By Ankita Rao, Kaiser Health News
Dr. Thomas Bellavia transformed his traditional medical practice in Hasbrouck Heights, N.J., into a so-called medical home where patients are seen by teams of doctors and nurses. He says it has paid off in better, more coordinated care for his patients and healthier income for the nurse practitioners and physicians in his group.
Dr. Mark Holthouse took a different tack — limiting his El Dorado, Calif., clinic to 400 patients a year, and adding services such as acupuncture and fitness coaching. He said he and his team now spend more time with patients, who pay a monthly fee of $220 for a package of basic services, on top of what their insurance plans reimburse the practice.
Like Bellavia and Holthouse, many doctors are changing how they work in response to turmoil in the health care system. Both newly minted and veteran physicians face economic uncertainty amid sharpening demands from the government and insurers to improve quality while curbing costs — trends that accelerated under the 2010 health care overhaul.
The buzz, and anxiety, in the medical profession is palpable – trade magazines tout new coping strategies, doctor groups discuss the transformation of practices. Physicians are experimenting with business models and new practice techniques, hoping to find work that is both financially and personally rewarding.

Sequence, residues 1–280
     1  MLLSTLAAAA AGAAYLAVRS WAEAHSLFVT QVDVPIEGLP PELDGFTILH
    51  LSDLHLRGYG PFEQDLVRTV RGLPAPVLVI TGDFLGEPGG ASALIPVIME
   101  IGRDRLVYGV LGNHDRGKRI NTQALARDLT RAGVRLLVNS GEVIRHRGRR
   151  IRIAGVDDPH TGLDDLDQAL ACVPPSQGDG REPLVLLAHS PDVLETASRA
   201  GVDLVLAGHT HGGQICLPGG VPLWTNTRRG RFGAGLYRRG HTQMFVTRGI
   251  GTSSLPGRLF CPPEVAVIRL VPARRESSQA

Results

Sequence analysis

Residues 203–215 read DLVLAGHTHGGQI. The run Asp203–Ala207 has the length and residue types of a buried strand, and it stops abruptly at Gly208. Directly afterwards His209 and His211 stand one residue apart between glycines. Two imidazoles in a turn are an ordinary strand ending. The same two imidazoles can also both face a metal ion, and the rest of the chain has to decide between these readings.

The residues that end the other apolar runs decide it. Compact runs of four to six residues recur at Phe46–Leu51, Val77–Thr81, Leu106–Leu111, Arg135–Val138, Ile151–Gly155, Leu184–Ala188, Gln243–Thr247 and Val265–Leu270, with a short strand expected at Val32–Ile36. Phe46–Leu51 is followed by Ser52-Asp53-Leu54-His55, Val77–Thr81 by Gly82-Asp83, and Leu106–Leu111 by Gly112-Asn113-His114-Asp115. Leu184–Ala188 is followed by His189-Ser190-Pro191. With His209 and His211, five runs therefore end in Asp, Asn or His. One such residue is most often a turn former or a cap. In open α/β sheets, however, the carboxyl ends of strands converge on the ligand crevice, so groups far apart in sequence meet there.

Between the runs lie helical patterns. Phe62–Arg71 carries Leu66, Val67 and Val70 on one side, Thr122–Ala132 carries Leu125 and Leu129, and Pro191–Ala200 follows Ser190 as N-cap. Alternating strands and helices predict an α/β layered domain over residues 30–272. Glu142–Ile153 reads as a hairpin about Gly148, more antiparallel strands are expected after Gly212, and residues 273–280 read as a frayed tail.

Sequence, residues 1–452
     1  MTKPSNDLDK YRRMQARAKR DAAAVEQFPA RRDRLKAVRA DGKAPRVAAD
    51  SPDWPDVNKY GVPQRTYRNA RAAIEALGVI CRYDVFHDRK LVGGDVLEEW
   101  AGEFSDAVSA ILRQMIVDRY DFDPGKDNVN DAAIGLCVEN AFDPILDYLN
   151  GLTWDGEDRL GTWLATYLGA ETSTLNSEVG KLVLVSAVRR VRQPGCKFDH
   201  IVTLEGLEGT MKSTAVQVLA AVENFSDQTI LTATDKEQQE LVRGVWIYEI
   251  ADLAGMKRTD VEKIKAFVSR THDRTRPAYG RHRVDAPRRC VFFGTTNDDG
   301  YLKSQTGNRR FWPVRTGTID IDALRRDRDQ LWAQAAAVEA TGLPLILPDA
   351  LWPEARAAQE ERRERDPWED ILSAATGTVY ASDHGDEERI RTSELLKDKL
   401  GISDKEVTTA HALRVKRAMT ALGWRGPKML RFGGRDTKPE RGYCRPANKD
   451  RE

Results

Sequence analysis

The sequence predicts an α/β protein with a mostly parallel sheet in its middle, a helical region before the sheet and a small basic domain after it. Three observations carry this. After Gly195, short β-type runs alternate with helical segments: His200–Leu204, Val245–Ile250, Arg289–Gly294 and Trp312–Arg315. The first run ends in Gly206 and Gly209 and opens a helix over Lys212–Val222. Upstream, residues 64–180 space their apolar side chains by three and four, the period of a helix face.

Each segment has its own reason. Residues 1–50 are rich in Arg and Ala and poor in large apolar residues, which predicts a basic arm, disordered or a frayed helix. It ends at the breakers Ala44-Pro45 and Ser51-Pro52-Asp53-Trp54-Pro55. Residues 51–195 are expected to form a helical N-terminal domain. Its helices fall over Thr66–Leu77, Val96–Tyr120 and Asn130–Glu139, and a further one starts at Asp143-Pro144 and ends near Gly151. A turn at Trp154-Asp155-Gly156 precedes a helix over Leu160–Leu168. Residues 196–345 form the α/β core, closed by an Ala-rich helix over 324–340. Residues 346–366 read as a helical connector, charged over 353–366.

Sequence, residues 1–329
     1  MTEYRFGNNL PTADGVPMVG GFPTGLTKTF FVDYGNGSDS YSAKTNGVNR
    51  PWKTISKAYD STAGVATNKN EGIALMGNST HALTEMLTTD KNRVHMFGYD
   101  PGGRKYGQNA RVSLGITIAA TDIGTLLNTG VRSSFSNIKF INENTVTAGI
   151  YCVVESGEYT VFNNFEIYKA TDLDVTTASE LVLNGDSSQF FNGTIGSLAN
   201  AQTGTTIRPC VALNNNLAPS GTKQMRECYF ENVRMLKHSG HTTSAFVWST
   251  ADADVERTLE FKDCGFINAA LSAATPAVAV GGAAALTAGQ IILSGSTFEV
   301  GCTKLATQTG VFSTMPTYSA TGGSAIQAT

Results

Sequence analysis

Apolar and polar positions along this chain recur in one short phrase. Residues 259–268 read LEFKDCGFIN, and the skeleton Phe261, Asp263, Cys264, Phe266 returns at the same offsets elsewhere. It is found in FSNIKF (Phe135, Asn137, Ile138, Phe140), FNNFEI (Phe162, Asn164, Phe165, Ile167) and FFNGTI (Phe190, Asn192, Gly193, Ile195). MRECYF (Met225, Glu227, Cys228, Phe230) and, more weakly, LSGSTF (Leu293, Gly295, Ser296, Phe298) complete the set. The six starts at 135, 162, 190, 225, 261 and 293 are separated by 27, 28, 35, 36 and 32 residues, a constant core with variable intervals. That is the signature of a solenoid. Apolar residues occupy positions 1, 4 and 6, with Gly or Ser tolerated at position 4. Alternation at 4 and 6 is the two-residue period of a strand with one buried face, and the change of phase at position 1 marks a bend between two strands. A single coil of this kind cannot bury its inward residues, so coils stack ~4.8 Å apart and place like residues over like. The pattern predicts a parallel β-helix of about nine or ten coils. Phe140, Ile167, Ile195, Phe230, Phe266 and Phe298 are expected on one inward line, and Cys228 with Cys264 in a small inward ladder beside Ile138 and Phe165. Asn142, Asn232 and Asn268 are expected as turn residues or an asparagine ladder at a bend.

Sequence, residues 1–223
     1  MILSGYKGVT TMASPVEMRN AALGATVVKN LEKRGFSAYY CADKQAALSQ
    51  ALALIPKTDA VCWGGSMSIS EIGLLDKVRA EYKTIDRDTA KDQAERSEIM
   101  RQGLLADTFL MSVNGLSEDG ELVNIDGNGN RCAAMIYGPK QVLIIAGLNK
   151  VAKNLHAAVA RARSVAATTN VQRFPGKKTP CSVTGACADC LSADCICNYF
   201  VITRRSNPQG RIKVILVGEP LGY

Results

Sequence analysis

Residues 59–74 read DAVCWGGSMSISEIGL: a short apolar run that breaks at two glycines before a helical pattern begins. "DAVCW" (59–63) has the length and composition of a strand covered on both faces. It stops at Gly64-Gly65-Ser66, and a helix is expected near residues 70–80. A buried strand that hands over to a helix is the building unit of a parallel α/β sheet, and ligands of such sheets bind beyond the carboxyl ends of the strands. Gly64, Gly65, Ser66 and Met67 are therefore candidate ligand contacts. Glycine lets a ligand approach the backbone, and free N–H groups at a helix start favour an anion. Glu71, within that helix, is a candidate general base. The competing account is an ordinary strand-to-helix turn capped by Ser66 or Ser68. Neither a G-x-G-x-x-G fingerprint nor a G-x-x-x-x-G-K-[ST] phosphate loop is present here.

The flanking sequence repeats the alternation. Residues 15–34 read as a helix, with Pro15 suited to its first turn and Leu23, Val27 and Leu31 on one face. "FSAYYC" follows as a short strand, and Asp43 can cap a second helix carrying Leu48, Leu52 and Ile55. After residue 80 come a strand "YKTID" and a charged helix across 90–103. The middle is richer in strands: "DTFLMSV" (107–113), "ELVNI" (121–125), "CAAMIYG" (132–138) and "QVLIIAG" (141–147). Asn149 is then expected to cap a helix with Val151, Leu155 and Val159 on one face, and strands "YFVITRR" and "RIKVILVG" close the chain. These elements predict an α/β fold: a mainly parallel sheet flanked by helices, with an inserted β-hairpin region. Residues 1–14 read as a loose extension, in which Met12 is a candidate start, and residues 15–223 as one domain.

“It’s not just the financial piece,” said Dr. Susan Turney, executive director of the Medical Group Management Association, a practice management consultant firm.
“It’s also the clinical — it’s bridging a gap so you can make the best decisions all around.”
The changing landscape is reflected in the growing number of doctors who are employed by others, rather than working for themselves. Consulting firm Accenture reported in 2012 that the proportion of independently practicing physicians, working in groups or solo, will fall to 36 percent this year. One-third of those will choose a subscription-based model like Holthouse’s.
The majority, though, are seeking steadier salaries and hours: about 91,300 doctors and dentists were employed by community hospitals in 2010, according to the American Hospital Association, 30,000 more than in 1998.
But clinicians remaining independent must invest and innovate.
Bellavia’s goal of offering integrated care has cost him an estimated $300,000 since 2011 for staff training and equipment. The medical home model’s focus on preventive care includes newer technologies, like a weighing scale that reports a patient’s weight directly from home to the clinic, and reminders to patients of routine diabetes or cancer screenings. The Heights Medical Center, as the practice is called, has also expanded from two to five doctors and nurses, and hired a patient coordinator who organizes doctor visits, referrals and prescriptions.
With a medical home accreditation from the nonprofit National Committee for Quality Assurance, the Heights receives higher reimbursement payments per patient from insurance companies like Horizon Blue Cross Blue Shield of New Jersey and Aetna.